The present work focuses on approaches for the characterization of subsurface contamination, which need to be reliable and cost-effective, particularly for extended and remote areas aimed at being redeveloped. Requirements are discussed with respect to specific conditions at megasites, in order to enable site valorization. In a case study, two approaches are compared, comprising (1) conventional site investigation based on historical surveys and concentration measurements at monitoring wells installed in areas suspected of being polluted and (2) the use of direct push (DP) methods covering the complete area. The DP investigation provided information on the contamination distribution and yielded also important information on hydraulic conditions. Statistical analysis of the results applying indicator kriging revealed that the conventional approach is markedly risky when decision-making relies solely on historical and sparse data. The DP campaign remarkably reduced the uncertainty concerning the estimated occurrence of polluted groundwater at the whole site. Furthermore, monitoring measurements are analyzed showing the possible importance of temporal variability. Taking economical consideration into account, DP-based groundwater screening is recommended to obtain either first or complementary information on the entire site. Based on these data, also locations for a long-term monitoring could be selected if temporal variability is assumed relevant.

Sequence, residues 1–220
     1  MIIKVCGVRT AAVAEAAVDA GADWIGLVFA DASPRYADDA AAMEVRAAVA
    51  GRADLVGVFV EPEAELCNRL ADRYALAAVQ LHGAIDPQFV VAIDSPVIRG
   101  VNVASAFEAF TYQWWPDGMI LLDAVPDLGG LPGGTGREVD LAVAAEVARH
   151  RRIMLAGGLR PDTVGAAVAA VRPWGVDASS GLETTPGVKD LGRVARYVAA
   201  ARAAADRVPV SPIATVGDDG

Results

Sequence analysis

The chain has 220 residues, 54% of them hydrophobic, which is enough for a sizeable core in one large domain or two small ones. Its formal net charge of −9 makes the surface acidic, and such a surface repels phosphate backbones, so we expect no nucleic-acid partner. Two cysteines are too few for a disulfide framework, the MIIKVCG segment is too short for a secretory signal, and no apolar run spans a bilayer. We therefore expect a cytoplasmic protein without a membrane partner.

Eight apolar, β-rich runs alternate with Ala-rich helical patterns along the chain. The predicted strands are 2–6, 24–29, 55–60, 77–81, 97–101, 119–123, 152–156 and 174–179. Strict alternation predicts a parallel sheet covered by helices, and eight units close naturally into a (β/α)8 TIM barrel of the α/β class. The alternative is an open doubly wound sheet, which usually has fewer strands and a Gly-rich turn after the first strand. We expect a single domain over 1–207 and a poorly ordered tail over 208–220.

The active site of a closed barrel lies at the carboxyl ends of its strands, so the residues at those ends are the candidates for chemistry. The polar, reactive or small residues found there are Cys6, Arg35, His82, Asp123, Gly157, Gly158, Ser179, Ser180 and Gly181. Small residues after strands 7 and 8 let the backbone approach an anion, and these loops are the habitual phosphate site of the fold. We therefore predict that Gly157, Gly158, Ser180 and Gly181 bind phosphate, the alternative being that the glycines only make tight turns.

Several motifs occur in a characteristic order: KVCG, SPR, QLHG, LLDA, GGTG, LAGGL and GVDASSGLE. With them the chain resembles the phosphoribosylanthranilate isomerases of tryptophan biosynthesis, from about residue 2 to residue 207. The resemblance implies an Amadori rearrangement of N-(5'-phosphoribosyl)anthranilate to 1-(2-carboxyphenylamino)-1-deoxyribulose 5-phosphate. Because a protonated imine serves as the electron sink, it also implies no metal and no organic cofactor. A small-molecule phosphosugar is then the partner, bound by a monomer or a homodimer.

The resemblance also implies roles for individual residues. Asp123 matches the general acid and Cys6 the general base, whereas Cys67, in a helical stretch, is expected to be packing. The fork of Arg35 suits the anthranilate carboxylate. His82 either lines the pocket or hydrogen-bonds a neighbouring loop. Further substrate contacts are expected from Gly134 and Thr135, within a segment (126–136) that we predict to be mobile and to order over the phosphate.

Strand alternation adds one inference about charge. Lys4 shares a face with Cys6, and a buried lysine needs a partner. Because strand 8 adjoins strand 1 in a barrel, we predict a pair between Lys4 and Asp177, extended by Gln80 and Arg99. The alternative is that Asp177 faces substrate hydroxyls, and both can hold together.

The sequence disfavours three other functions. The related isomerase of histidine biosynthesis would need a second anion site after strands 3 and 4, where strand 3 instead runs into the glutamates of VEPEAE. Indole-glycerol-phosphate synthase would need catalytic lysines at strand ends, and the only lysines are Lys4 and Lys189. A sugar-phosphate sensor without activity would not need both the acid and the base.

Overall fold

- Groundwater contamination
Rein, A., Popp, S., Zacharias, S., Leven, C., Bittens, M., & Dietrich, P. (2011). Comparison of approaches for the characterization of contamination at rural megasites. Environmental Earth Sciences, 63(6), 1239-1249. https://doi.org/10.1007/s12665-010-0797-7